Today is ‘Our Day’, an opportunity for local authorities across England to discuss and celebrate what they do in a typical day.
Over the last 4 years I have visited every upper tier council in the country, met many local government colleagues and have seen first-hand just how much they do for the public’s health.
Last year, I highlighted three important ways in which local government is improving the public’s health, everyday:
- Local government knows that ‘health’ is about more than ‘healthcare’
- Local government understands communities
- Nobody is better at doing more with less
Whilst these three points continue to prosper, I wanted to mark ‘Our Day’ this year by highlighting some of the great work I’ve seen first-hand over the course of 2017.
Work on inequalities in the North of England
In October, colleagues from across the health and care sector came together for the fourth annual North of England inequalities conference, Due North, in Darlington. It was a day of powerful and optimistic conversations that focused on the issue of shorter life expectancy and poorer health amongst the least affluent, compared to the most affluent.
We know that generally the north is shown to have more deprivation, demonstrated by the 20 year gap in good health between Bradford and Guildford, and Due North made it clear that closing this gap is at the forefront of work across the north by local government and the wider sector. The conference also covered inclusive growth, creating jobs that local people can get, and sharing prosperity more widely.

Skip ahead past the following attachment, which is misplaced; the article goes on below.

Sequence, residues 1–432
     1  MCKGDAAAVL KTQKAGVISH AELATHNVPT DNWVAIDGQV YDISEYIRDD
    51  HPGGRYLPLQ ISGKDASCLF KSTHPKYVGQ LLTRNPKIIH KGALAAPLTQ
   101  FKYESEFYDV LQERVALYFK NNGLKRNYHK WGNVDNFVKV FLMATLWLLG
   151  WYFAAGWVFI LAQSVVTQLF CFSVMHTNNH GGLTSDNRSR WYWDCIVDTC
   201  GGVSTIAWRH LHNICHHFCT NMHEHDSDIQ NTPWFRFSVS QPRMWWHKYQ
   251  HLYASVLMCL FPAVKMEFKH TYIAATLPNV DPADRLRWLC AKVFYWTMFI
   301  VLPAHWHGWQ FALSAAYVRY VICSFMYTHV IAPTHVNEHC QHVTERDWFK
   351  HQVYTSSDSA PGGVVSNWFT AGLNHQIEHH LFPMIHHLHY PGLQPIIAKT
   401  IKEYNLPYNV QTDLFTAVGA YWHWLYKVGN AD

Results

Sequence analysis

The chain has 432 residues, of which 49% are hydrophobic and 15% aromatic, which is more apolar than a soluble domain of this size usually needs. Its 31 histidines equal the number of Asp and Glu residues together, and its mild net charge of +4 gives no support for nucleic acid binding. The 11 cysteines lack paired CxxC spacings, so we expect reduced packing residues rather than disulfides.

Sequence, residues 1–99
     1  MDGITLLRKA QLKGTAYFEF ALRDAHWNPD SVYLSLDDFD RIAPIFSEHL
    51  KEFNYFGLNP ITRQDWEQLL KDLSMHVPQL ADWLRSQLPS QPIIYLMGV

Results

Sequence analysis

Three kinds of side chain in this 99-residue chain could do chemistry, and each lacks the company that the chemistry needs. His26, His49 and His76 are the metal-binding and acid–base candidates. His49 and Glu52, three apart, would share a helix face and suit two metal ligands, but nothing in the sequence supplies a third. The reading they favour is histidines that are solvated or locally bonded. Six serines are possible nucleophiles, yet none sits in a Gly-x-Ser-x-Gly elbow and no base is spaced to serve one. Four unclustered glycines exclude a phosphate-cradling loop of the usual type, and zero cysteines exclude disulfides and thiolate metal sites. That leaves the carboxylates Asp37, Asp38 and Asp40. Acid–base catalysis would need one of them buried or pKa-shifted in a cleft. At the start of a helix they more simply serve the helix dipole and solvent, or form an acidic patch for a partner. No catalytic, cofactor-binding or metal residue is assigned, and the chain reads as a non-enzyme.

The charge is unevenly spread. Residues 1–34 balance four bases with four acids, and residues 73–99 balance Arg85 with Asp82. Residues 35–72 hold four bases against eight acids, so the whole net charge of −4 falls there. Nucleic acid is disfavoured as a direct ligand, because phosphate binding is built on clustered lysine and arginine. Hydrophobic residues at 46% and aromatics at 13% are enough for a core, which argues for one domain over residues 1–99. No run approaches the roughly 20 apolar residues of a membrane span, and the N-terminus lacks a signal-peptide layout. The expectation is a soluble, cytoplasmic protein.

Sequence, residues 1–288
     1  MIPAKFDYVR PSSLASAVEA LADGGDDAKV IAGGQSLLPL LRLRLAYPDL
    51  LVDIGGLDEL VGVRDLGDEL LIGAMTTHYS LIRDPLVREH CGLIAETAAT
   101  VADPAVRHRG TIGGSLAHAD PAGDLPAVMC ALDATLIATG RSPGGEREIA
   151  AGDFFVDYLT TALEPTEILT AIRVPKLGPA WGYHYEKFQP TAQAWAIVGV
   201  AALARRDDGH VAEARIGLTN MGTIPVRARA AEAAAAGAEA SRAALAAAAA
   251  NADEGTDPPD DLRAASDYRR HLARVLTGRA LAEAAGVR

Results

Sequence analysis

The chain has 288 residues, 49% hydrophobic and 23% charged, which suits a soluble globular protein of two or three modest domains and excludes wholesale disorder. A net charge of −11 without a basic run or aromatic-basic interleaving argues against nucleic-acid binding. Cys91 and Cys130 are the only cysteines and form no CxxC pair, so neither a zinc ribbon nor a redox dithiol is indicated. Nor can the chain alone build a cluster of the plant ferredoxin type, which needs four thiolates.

Public health work on the ground
Also in October, I had the pleasure of spending time with Oldham Metropolitan Council and local GPs, as well as Hampshire County Council. I continue to learn from the great practice happening on the ground, and in Oldham I saw an encouraging focus on widening opportunities for people, and helping people get into work and be as healthy as they can be in life.
Whatever the structure or strategy of the time, nothing compensates for investing in relationships at local level and in Oldham and Hampshire this is exactly what they are doing. I am grateful for the priceless insight this gives me in my national role, and for local government being continuously welcoming.
Recently I joined a community public involvement event in Gloucester, involving six local councils, the police, the local and national NHS, and over 100 voluntary and third sector organisations.
The message communicated throughout the day was about the value of small, locally based voluntary and third sector organisations. These organisations do a fantastic job in supporting, encouraging and bringing people together. This is crucial as helping people get well and stay well heavily depends on friends, neighbours and local communities, areas of work which I know local government colleagues are moving forward with and striving to improve.
These are just a few examples, but across local government they are showing their commitment to prosperity, creating jobs that local people can get, boosting educational standards, improving housing, and caring for people in their homes and communities. This is public health in action.
A thank you
As a nation we face major public health challenges, from worklessness to infectious and chronic diseases to clean air. Local government continue to demonstrate that they are the right people to lead the local public health system and let’s take a moment today to celebrate local government together.